“Open Space 2015” at NTT InterCommunication Center (ICC) (Tokyo, Japan)

“Open Space 2015” is an exhibition introducing works of media art and other forms of artistic expression born out of today’s media environments, to a broad audience. On display are an array of representative, historical and new works from the realm of media art, as well as results of research activities at educational institutions. In addition to showing exhibits for visitors to enjoy, it is our aim to inspire them to reflect on today’s diversified media and means of communication that define the background from which these works emerged.
Also on the schedule during the exhibition period are a number of related programs including talk sessions, lectures, symposia and workshops with artists and experts, as well as guided tours around the exhibits with explanations by the curatorial staff.

A space that combines ICC’s diverse functions, Open Space integrates galleries, a mini theater, and the video archive “HIVE.” Since its launch in 2006, the exhibition has been held as an admission-free event with changing contents each year. Based on the mission of ICC, it aims to function as an open platform where possibilities of communication culture and art created with the help of advanced technologies can be presented to a large number of people.

Artists include: Toshio Iwai, So Kanno + Yang2, Yuri Suzuki, Semi Transparent Design, Shiro Takatani, Gregory Barsamian, Norimichi Hirakawa, Filament, Bill Fontana, Masaki Fujihata, Chris Milk and Aaron Koblin, and Ei Wada

Simplicity – The Art of Complexity (Osaka, Japan)

Urban population growth has become a global issue. A similar trend has been brought about by the Digital Revolution, which processes and captures human activities in vast amounts of Big Data. In the cities, people are constantly producing data via tweets, web search engines and ATM transactions. When we talk about the narrative of a city with voluminous amounts of complex and entangled data, the creation of a narrative tale requires the skillful art of reduction.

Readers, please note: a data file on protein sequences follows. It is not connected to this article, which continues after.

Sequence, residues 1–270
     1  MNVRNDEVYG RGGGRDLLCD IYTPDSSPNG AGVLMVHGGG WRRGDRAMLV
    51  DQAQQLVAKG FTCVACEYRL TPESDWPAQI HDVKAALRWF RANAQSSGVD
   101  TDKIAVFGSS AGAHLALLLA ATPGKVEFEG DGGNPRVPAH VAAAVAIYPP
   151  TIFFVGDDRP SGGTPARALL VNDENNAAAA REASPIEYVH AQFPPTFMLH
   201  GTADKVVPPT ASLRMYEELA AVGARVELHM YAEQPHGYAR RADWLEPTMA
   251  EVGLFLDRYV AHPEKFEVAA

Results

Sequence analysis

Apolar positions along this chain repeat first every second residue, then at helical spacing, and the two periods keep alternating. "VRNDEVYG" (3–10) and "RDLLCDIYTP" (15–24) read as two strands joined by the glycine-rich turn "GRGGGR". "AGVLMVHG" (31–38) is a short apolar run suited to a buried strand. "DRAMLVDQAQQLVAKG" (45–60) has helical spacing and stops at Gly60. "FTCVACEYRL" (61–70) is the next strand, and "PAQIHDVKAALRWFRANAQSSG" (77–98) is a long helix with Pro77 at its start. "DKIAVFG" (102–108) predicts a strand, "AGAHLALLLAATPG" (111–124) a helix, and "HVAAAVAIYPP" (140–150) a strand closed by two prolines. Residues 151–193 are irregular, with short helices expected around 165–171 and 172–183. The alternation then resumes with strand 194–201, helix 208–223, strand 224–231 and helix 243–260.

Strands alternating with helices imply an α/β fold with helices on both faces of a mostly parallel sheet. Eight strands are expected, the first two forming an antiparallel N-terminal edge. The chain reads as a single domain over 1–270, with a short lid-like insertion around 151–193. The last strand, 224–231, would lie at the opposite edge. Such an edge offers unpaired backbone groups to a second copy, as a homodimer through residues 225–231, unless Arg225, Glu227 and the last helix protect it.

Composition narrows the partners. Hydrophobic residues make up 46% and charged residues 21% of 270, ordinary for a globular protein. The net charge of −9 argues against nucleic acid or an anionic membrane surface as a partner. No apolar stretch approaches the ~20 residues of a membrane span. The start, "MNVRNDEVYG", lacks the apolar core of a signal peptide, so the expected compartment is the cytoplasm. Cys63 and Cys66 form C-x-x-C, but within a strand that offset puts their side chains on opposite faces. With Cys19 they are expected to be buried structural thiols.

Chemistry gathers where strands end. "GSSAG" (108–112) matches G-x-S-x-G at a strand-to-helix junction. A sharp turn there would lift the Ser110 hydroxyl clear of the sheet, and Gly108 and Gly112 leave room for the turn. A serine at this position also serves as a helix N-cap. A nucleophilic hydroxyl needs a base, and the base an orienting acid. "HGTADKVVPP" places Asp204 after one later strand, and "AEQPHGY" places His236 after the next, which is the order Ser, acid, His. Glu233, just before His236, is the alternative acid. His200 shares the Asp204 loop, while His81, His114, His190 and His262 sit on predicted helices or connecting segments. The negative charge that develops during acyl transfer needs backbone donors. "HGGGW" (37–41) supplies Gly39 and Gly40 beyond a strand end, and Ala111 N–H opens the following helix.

Currently, we live amongst massive matter. Why do we feel empathy towards a specific object out of the huge amount of objects around us? When expressing a narrative of this feeling, we engage in a subtle process to find a simple order that resolves the complexity and the imagination in order to create a new world with Mitate the Japanese technique of poetic interpretation that creates new meaning.

The exhibition will show work by Carlo Ratti, director of the research group MIT SENSEable City Lab that explores ways to visualize new narratives of SENSEable cities and plaplax, an artist collective known for poetic and intuitive interactive art between human and nature.

This event, which includes an exhibition, talk sessions and workshops, will discuss Simplicity in an age of complexity.